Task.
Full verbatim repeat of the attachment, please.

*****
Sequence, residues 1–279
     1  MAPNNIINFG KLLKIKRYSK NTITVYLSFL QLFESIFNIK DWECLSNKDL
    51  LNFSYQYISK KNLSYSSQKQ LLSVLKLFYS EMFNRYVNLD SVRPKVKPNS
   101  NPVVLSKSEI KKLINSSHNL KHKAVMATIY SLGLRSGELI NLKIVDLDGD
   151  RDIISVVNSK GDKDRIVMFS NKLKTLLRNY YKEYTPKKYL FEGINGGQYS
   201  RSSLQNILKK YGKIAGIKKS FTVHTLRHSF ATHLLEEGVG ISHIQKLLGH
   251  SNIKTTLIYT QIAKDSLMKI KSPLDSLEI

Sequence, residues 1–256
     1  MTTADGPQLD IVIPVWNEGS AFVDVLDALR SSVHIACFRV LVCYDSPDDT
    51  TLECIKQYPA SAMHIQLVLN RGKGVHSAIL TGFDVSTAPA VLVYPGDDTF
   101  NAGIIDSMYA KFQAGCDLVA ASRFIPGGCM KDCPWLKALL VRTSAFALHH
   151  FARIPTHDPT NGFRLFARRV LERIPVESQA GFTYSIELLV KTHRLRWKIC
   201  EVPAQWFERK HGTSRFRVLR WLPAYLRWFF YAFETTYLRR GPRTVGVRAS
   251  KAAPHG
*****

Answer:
Sequence, residues 1–279
     1  MAPNNIINFG KLLKIKRYSK NTITVYLSFL QLFESIFNIK DWECLSNKDL
    51  LNFSYQYISK KNLSYSSQKQ LLSVLKLFYS EMFNRYVNLD SVRPKVKPNS
   101  NPVVLSKSEI KKLINSSHNL KHKAVMATIY SLGLRSGELI NLKIVDLDGD
   151  RDIISVVNSK GDKDRIVMFS NKLKTLLRNY YKEYTPKKYL FEGINGGQYS
   201  RSSLQNILKK YGKIAGIKKS FTVHTLRHSF ATHLLEEGVG ISHIQKLLGH
   251  SNIKTTLIYT QIAKDSLMKI KSPLDSLEI

Sequence, residues 1–256
     1  MTTADGPQLD IVIPVWNEGS AFVDVLDALR SSVHIACFRV LVCYDSPDDT
    51  TLECIKQYPA SAMHIQLVLN RGKGVHSAIL TGFDVSTAPA VLVYPGDDTF
   101  NAGIIDSMYA KFQAGCDLVA ASRFIPGGCM KDCPWLKALL VRTSAFALHH
   151  FARIPTHDPT NGFRLFARRV LERIPVESQA GFTYSIELLV KTHRLRWKIC
   201  EVPAQWFERK HGTSRFRVLR WLPAYLRWFF YAFETTYLRR GPRTVGVRAS
   251  KAAPHG